August 3, 2013

The Truman Show

Peter Weir, 1998


Truman (Jim Carrey) is the star of a popular reality television show where everything in his life has been filmed. His birth, his schooling, first kiss, his marriage - is all part of the show. He is unaware he is the star of The Truman Show, for now, but his suspicions grow as unusual occurrences seem to be happening around him.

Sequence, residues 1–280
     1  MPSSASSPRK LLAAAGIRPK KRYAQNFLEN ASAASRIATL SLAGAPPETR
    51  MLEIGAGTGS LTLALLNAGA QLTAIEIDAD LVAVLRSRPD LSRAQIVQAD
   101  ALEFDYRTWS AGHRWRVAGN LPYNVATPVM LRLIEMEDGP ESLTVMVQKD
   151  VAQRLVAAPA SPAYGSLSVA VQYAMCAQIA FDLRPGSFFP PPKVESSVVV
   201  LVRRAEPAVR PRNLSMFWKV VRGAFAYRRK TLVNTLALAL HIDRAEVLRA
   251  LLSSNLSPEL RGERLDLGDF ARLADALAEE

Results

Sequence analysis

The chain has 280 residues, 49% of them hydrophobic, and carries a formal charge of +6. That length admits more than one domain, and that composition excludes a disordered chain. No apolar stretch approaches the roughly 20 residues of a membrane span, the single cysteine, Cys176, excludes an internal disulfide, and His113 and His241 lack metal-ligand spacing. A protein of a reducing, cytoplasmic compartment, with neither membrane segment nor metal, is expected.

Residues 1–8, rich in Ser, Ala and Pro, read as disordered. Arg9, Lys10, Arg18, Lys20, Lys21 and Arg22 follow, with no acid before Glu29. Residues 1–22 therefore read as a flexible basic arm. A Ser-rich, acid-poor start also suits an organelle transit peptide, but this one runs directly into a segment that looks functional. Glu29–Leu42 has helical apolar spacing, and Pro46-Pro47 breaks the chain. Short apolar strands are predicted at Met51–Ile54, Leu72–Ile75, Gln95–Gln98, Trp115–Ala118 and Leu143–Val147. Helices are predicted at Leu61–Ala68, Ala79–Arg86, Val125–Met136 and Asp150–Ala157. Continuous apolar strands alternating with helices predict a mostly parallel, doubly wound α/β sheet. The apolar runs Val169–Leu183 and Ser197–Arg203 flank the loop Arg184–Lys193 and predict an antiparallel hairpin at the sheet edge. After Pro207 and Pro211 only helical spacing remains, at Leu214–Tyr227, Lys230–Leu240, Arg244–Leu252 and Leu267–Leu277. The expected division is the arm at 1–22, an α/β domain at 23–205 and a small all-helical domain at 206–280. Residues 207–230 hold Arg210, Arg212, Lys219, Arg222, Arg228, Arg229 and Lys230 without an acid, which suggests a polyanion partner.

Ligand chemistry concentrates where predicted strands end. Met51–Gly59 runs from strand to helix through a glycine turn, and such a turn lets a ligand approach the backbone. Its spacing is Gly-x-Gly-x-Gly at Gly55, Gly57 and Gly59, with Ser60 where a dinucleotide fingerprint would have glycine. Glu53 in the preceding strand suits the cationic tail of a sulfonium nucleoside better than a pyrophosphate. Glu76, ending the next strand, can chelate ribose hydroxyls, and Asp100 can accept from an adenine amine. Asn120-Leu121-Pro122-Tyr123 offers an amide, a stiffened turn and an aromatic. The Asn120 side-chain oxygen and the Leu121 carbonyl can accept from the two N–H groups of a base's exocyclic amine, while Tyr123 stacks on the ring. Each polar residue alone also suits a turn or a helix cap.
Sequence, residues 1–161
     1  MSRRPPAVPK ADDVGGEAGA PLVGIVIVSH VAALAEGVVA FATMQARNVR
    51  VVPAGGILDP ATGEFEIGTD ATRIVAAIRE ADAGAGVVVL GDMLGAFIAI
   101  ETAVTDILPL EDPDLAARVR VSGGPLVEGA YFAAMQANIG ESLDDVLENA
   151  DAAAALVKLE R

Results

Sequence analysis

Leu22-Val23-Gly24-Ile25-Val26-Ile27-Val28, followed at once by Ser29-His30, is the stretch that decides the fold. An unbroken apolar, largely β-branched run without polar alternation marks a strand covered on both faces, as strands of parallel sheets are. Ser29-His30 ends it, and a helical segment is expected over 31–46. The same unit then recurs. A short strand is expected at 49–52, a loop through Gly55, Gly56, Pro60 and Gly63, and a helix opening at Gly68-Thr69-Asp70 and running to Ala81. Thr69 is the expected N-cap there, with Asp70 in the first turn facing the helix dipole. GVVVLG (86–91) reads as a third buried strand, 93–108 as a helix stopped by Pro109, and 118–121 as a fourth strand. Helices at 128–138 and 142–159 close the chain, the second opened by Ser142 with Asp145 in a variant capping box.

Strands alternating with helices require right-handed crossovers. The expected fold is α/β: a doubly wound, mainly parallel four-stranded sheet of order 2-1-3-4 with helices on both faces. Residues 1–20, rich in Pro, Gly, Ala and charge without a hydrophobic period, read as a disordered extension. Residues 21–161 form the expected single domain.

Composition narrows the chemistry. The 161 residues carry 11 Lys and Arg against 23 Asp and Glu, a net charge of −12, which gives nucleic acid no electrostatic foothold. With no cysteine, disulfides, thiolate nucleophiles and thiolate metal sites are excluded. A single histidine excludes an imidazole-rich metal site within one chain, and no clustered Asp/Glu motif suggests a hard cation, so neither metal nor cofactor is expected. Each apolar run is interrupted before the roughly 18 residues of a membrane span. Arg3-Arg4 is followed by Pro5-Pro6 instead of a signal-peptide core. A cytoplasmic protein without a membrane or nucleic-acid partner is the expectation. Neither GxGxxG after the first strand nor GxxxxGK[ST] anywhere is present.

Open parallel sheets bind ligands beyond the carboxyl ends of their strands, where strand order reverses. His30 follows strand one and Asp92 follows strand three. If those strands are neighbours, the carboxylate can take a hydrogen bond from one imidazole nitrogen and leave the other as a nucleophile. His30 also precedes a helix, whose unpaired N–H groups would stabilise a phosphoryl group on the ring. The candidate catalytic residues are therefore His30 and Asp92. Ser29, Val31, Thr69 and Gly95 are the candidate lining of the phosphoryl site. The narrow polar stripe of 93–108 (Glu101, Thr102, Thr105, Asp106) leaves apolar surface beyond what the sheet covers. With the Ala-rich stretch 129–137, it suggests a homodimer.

Carrey steps into one of the better dramatic roles of his career as Truman. The film really makes an immediate jump into the story, and never really loses its momentum. The attention to detail in crafting the artificial world that Truman lives in is both imaginative and impressive. Carrey quickly solicits sympathy as the vanilla insurance salesman protagonist who works the daily grind, picks up the daily newspaper, and goes home to eat dinner with the wife and watch I Love Lucy episodes. The limited selection in television shows could be compared to the gray-scale landscape of Pleasantville in it's very overt oppression of art. Christof (Ed Harris) created the show and has been directing it for the entire duration of Truman's life. His imagination is evident, but so is his inflated ego. His artificial town of Sea Haven that he has created is like a 1950's Utopian Suburbia concept. His desire to be a god-like figure sitting high inside the artificial moon must be intoxicating to him. He may be able to spend millions of dollars on his creating his fictional Sea Haven, but he doesn't realize that you can't inhibit the human desire to branch out and see what's out there. True reality is absolutely priceless and impossible to completely emulate. Truman naturally has curious instincts, and as soon as he starts to test his native boundaries, he begins to notice some flaws in the Truman Show world. It's certainly a brilliant social experiment, played out beautifully. Laura Linney is brilliant as Meryl, Truman's wife, as she plays a Stepford Wife-like figure who tries to keep Truman domesticated and unadventurous. The film is also an obvious satirical piece, examining Americas obsession with the modern reality television show. The film really stands out on its own, more than similarly themed EdTV (1999) because it really pulls you in and turns you into one of the many people watching and rooting for Truman. The film's impact on American culture is quite long ranged. A Bellevue psychiatrist named Joel Gold said that he had several schizophrenic patients who claimed that they were being filmed for a reality show similar to that in the film.

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